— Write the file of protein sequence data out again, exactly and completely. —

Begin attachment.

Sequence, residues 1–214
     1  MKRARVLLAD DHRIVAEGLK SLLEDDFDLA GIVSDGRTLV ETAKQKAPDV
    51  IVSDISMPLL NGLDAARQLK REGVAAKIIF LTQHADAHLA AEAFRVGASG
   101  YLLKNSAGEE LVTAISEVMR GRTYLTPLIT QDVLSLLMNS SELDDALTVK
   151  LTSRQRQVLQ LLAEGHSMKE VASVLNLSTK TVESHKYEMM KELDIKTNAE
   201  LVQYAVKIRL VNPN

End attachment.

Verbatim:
Sequence, residues 1–214
     1  MKRARVLLAD DHRIVAEGLK SLLEDDFDLA GIVSDGRTLV ETAKQKAPDV
    51  IVSDISMPLL NGLDAARQLK REGVAAKIIF LTQHADAHLA AEAFRVGASG
   101  YLLKNSAGEE LVTAISEVMR GRTYLTPLIT QDVLSLLMNS SELDDALTVK
   151  LTSRQRQVLQ LLAEGHSMKE VASVLNLSTK TVESHKYEMM KELDIKTNAE
   201  LVQYAVKIRL VNPN